More than I can stomach, but you be the judge of this very fictional account of how Ian Paisley and Martin McGuinness brought peace to the island of Ireland.
The trailer looks a bit ropey, but Timothy Spall is well cast as the ‘big‘ man – not so sure about Colm Meaney as Martin McGuinness but that’s possibly due his over exposure of late. Still think his best role was as Jimmy “Senior” in “The Commitments” or as Chief O’Brien in “Star Trek: Deep Space Nine“.
At last I have managed to acquire a VHS copy of this elusive French film which was partially shot in Dublin with an all French cast and crew. It never made it to DVD and the few VHS copies that I’ve come across on the French Amazon and eBay sites have always been wildly expensive. This brand new copy cost me €25 including p+p – all I need now is to get my VHS player serviced. I also picked up a copy of “Mon Film” magazine this week for a couple of Euros – a special 14 page supplement about the film – I just hope that my little used schoolboy French is up to it.
The film can be found under at least four different names including “La Jeune Folle”, “Desperate Decision”, “The Troubles” and “Revenge at Daybreak”. The exteriors were filmed in Dublin but as I haven’t watched it yet I can’t be more specific than that. It was released in 1952 and starred Danièle Delorme in the lead role. Based on the novel “Ar Follez Yaouank” by Catherine Beauchamp.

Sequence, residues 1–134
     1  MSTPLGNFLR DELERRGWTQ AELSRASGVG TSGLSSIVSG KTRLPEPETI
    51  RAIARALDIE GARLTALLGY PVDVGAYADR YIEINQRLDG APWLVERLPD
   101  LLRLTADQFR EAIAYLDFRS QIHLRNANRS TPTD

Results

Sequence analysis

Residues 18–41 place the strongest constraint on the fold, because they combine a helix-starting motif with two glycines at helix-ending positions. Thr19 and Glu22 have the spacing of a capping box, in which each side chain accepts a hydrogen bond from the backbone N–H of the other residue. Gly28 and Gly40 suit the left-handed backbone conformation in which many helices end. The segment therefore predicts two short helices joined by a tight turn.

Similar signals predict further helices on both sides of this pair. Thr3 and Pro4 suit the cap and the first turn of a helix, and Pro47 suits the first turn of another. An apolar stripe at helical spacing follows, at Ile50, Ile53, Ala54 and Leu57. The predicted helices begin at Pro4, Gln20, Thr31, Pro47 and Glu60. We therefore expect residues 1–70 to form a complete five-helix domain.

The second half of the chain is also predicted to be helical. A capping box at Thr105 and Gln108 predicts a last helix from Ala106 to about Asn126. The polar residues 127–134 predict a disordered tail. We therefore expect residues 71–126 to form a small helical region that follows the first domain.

During the Irish War of Independence, a strange young woman Catherine (Daniele Delorme) who lives in a convent is haunted by premonitions that her brother needs her, but in fact he has been killed by the IRA as an informer. As she looks for her brother, she is sheltered by the rebel organisation and unknowingly falls in love with Steve (Henri Vidal) the man who ordered her brothers killing…
The author, Catherine Beauchamp (a pseudonym for Francine Rozec ) came from an revolutionary background in real life and had belonged to a Breton pro-Nazi militia, Bezen Perrot, which was modeled on the IRA. She fled to Ireland after the war but later returned to France where she died in 1992.